Anyone who has tried to host their own website from home likely knows all-too-well the hassles that ISPs can cause. Simply put, ISPs generally don't want you to do that, preferring you to move up to a business package (aka: more expensive). Not surprisingly, the EFF doesn't like these rules, which seem to exist only to upsell you a product, and it's making its complaints very public.
This time around, Google's Fiber service is targeted, as it's the latest ISP of the bunch to say "No!" to running your own "server" from home. The problem, though, is that all ISPs are deliberately vague about what qualifies as a "server". Admittedly, when I hear the word "server", I think of a Web server, one that delivers a webpage when accessed. EFF's main complaint is that servers exist in many different forms, so to target specific servers "just because" is ridiculous (and really, it is).
Maybe a good example of a server not meant for home use
Torrent clients, for example, act as servers (and clients), sometimes resulting in a hundred or more connections being established between you and available peers. With a large number of connections like that being allowed, why would a Web server be classified any different? Those who torrent a lot are very likely to be using more ISP resources than those running websites from their home - yet for some reason, ISPs force you into a bigger package when that's the kind of server you want to run.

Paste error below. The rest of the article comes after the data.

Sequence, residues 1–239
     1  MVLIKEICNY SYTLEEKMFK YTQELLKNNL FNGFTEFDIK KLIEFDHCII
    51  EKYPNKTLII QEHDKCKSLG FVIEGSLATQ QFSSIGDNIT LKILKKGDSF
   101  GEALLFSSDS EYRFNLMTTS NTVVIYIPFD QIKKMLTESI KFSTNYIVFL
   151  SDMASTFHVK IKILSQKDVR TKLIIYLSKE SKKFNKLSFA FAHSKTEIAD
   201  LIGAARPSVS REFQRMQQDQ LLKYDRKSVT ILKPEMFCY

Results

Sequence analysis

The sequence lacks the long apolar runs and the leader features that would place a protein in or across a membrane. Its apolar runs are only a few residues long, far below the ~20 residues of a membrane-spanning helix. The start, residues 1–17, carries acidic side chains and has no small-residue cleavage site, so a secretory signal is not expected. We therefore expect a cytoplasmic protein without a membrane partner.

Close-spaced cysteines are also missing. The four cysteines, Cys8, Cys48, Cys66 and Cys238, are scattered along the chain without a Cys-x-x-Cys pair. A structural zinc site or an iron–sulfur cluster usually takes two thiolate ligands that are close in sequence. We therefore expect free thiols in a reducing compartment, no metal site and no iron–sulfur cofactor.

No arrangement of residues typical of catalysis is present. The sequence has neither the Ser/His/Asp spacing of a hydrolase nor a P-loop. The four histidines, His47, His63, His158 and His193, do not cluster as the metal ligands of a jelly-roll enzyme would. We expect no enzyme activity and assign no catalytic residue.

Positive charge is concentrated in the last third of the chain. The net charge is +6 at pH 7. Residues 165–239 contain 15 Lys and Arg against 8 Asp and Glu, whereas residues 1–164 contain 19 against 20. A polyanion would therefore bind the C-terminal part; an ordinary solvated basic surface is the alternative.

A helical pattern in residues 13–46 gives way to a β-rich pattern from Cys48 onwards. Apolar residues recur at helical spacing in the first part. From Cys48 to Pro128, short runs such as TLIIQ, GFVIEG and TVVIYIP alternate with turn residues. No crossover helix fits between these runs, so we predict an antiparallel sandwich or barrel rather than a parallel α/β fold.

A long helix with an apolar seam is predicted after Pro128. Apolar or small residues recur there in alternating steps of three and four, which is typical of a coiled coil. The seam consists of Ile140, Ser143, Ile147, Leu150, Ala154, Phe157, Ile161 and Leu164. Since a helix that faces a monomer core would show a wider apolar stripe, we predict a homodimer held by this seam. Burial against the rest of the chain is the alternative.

Past torrents, even Skype acts as a server, and so do remote login services, FTP, SSH and so forth.
It's the EFF's belief that there simply shouldn't be any discrepancies, and that's a hard thought to disagree with. I wholeheartedly believe that if you subscribe to an Internet service, you should be allowed to use it in whichever way you please, as long as it doesn't break local laws or deliberately bog the network down, of course.
We'll have to wait and see if EFF's movement here will cause any ISP to change. Of all of them, you'd think it would have been Google to finally shake things up.
One thing I find funny is that these ISP restrictions existed years ago, when our Internet services were rather primitive. Today, a fiber connection is capable of a lot - yet the restrictions remain.
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